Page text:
Breaking through the $50 per bbl level officially puts an end to the bull market that began in oil prices after the 2016 market panic which saw oil hit a low of $27.10.
The price reset at the end of 2018 was, in my mind, the real price for the market had in mind through all of 2019 despite a coordinated effort by both OPEC and, I think, the U.S. to keep prices above that.
The upshot is that OPEC is desperate.
Well, let me rephrase that, Saudi Arabia is desperate. The Saudis are the most vulnerable to lower oil prices having zero flexibility thanks to their U.S. dollar-pegged currency, the riyal. Saudi Arabia’s budget deficit somehow managed to come in at just 4.7% of GDP in 2019 despite predictions of over 7%.
That number, however, is set to rise significantly despite budget cuts to 6.5% of GDP by 2022, and that was at Q4 prices which were far higher than they are today. As the IMF’s breakeven oil price for Saudi Arabia continues to be above $80 per bbl.
The lower oil prices go the harder it will be for the Saudis to maintain their current level of spending, which is under pressure as economic growth stalls thanks to cutbacks in government spending and a slowing global economy.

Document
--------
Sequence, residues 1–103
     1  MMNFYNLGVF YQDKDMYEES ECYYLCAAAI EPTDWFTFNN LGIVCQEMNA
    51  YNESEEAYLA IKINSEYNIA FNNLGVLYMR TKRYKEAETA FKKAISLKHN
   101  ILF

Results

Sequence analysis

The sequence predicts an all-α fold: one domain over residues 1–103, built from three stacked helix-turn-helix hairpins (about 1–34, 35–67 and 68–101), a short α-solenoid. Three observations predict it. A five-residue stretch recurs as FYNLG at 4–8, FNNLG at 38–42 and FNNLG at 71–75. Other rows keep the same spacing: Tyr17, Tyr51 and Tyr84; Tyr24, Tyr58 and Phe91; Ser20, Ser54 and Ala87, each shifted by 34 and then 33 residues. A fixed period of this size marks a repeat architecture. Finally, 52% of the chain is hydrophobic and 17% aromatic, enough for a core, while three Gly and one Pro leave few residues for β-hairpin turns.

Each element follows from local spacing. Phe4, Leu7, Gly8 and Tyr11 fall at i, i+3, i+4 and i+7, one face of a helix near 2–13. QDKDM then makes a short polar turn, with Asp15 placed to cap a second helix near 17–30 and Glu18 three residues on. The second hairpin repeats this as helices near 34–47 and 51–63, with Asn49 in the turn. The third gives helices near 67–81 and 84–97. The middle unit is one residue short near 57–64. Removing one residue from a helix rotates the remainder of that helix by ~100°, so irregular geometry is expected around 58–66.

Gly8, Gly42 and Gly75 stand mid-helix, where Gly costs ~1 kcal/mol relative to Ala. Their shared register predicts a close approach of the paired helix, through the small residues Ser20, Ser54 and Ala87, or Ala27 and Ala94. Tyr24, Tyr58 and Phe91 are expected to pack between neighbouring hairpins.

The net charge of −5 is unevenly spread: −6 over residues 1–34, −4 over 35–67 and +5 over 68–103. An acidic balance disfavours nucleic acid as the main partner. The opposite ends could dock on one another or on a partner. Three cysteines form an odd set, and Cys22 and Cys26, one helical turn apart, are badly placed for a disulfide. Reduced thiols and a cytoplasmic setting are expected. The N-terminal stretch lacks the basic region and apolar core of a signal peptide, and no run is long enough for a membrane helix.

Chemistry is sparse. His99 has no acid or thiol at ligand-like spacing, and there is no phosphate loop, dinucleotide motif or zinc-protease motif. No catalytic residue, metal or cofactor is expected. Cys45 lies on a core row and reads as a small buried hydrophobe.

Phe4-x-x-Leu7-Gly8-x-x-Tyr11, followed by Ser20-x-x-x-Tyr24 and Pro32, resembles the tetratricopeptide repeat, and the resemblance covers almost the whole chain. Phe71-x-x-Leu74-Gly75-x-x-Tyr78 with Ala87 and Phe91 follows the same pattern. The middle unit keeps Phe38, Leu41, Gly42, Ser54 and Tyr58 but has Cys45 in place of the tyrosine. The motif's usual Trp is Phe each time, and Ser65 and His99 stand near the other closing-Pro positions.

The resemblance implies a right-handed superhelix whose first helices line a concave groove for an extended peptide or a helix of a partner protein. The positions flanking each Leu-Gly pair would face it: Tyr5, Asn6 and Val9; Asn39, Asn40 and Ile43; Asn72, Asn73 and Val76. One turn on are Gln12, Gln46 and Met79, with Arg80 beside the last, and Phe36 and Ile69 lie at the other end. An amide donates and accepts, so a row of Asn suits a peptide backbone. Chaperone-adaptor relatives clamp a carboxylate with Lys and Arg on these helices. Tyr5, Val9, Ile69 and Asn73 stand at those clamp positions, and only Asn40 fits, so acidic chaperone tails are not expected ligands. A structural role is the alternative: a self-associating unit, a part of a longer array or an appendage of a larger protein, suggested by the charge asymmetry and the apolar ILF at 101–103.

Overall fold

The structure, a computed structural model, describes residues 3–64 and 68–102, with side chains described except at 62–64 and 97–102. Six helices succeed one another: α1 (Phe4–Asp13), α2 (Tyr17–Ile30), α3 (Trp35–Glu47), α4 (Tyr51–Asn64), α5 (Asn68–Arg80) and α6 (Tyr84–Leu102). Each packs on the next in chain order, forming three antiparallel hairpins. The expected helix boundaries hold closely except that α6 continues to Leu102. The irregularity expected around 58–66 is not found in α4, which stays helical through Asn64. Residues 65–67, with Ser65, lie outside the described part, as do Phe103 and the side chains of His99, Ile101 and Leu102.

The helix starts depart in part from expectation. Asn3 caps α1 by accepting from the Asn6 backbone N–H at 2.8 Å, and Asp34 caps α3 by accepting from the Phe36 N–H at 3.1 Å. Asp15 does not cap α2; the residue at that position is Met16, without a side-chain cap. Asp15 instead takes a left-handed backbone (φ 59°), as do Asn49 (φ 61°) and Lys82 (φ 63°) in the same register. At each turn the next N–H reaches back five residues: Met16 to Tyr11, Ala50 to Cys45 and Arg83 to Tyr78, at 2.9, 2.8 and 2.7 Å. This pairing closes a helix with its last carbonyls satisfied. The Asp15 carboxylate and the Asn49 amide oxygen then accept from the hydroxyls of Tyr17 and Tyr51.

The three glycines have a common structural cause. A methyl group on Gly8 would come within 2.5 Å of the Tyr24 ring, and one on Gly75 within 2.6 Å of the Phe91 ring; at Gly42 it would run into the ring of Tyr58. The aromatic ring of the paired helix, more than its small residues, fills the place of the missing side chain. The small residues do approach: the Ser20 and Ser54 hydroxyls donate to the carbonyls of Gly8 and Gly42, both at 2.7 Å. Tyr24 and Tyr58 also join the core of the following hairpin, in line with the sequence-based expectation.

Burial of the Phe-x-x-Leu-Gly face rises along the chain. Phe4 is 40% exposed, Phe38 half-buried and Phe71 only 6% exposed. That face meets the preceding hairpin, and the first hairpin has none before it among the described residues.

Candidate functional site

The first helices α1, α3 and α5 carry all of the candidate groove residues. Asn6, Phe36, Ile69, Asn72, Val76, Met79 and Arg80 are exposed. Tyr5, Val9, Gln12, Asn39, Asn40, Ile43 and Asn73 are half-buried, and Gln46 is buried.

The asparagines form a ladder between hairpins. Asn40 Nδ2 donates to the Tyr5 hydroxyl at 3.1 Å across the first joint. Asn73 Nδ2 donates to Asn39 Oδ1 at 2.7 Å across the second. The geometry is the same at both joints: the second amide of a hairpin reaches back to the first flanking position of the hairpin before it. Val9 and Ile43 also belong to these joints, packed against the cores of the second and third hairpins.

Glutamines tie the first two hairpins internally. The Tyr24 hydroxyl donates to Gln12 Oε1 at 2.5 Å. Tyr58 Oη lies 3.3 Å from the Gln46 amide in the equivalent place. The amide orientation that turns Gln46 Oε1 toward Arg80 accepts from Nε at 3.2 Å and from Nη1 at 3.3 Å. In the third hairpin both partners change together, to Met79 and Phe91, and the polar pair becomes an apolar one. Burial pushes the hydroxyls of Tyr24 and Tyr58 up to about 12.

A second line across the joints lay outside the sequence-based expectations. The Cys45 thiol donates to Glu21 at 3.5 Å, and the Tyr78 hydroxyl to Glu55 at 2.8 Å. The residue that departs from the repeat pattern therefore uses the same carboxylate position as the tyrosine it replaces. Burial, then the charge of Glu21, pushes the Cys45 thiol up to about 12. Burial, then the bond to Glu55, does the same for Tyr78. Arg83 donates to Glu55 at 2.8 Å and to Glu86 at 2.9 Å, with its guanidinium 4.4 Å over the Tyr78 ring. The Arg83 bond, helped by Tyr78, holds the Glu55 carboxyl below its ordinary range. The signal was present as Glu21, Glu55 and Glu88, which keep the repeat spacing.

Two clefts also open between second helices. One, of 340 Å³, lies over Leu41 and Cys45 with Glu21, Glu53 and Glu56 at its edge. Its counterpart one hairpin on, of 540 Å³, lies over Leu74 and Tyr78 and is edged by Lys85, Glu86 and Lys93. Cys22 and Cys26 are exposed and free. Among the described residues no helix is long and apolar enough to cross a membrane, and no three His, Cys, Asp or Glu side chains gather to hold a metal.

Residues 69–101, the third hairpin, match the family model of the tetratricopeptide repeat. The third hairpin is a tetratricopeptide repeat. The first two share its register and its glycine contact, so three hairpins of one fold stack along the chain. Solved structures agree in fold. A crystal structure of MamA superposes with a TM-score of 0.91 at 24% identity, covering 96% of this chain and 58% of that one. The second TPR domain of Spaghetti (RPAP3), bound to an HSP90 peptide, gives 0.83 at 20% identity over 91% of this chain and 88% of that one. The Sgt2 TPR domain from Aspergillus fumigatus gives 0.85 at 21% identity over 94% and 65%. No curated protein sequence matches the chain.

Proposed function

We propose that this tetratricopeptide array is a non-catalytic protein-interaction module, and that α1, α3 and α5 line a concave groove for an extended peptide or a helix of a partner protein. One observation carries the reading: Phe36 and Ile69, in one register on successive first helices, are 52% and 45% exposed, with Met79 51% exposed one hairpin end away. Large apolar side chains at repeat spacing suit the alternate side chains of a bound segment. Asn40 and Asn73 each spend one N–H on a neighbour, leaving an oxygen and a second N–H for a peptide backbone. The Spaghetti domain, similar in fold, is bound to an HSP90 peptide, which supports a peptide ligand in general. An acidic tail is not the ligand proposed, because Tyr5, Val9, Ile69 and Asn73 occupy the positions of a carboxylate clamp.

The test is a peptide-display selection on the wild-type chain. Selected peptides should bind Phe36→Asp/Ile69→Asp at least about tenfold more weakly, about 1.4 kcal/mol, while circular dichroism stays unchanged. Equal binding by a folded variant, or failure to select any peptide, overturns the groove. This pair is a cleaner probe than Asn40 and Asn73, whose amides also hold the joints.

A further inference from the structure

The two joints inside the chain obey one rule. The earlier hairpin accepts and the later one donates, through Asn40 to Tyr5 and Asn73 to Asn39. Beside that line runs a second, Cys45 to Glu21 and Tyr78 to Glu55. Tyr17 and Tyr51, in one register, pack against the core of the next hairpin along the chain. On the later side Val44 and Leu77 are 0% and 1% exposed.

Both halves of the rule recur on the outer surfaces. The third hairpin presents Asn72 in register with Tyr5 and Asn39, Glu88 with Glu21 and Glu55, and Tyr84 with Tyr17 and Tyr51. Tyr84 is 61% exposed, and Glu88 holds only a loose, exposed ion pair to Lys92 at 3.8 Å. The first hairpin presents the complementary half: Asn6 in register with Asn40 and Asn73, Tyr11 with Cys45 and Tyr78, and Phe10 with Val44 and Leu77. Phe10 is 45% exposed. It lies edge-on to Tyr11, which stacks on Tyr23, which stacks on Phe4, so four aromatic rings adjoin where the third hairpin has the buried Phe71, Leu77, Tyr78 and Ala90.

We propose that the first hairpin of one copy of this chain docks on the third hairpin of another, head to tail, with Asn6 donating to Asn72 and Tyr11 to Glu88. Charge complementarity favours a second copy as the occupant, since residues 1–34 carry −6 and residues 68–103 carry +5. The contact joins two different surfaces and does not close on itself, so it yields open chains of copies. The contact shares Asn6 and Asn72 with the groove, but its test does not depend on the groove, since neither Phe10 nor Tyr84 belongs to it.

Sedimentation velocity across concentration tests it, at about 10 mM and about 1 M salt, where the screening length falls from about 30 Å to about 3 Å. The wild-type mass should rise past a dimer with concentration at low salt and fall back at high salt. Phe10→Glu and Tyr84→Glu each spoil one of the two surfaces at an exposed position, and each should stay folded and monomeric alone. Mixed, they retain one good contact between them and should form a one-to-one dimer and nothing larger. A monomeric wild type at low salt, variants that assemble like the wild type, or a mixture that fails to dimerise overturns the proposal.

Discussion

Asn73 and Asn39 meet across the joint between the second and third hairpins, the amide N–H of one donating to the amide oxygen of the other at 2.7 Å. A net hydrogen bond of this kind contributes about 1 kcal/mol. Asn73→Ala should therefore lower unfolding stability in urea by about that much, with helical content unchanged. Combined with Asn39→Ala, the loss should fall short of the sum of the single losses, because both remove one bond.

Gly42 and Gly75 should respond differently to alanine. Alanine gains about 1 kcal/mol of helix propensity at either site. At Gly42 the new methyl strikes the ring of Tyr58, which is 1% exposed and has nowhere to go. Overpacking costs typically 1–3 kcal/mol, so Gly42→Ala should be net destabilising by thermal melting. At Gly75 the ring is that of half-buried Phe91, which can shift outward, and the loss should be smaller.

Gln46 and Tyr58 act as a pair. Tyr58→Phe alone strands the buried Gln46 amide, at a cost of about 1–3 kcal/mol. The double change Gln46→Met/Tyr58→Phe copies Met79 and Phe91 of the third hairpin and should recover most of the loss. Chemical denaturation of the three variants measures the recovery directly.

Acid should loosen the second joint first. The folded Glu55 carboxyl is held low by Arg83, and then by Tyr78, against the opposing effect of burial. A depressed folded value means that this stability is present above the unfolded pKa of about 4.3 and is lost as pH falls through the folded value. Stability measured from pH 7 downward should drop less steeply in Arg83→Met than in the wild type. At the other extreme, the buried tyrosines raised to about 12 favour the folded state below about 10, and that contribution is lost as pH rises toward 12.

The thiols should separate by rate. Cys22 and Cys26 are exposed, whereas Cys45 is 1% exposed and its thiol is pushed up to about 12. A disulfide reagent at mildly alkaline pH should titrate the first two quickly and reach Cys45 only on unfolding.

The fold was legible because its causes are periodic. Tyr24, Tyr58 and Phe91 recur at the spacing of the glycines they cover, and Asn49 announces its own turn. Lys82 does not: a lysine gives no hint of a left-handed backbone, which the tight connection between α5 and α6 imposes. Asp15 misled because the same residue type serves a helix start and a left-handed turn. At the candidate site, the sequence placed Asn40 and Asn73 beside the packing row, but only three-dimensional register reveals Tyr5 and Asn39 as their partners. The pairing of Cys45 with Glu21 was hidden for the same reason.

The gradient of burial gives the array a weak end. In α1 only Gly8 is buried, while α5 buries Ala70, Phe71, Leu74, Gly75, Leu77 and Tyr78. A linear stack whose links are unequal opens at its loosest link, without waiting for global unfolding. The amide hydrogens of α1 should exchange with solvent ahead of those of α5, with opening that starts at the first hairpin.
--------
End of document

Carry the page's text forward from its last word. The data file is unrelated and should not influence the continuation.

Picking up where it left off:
The Saudis are staring at the same problem every over-leveraged company faces when the economy turns against them. Simply put, you can cut production to stabilize your fiscal position and conserve cash, but you can’t, as the saying goes, cut your way to growth.
But that is exactly what OPEC is asking of Russia. And, frankly, given the current geopolitical dynamic, I don’t see a compelling reason for Russia to cut production to help out Saudi Arabia or any of its allies, including the United States, to keep oil prices high.
Russia continues to run a tight fiscal ship and contrary to insipid and clueless commentary here in the West, it doesn’t need higher oil prices to maintain that. And, if anything, the domestic political situation in Russia precludes keeping oil prices high because when they are it retards diversification of the Russian economy that President Vladimir Putin is trying to achieve.